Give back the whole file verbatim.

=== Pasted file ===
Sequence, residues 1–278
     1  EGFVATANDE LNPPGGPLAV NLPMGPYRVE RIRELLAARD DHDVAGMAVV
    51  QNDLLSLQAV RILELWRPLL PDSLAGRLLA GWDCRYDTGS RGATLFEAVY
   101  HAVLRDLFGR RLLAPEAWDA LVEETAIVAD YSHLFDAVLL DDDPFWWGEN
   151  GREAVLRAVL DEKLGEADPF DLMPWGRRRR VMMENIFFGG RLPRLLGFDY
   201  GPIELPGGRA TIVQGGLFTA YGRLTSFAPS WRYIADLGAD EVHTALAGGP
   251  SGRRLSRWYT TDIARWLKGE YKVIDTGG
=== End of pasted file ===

Sequence, residues 1–278
     1  EGFVATANDE LNPPGGPLAV NLPMGPYRVE RIRELLAARD DHDVAGMAVV
    51  QNDLLSLQAV RILELWRPLL PDSLAGRLLA GWDCRYDTGS RGATLFEAVY
   101  HAVLRDLFGR RLLAPEAWDA LVEETAIVAD YSHLFDAVLL DDDPFWWGEN
   151  GREAVLRAVL DEKLGEADPF DLMPWGRRRR VMMENIFFGG RLPRLLGFDY
   201  GPIELPGGRA TIVQGGLFTA YGRLTSFAPS WRYIADLGAD EVHTALAGGP
   251  SGRRLSRWYT TDIARWLKGE YKVIDTGG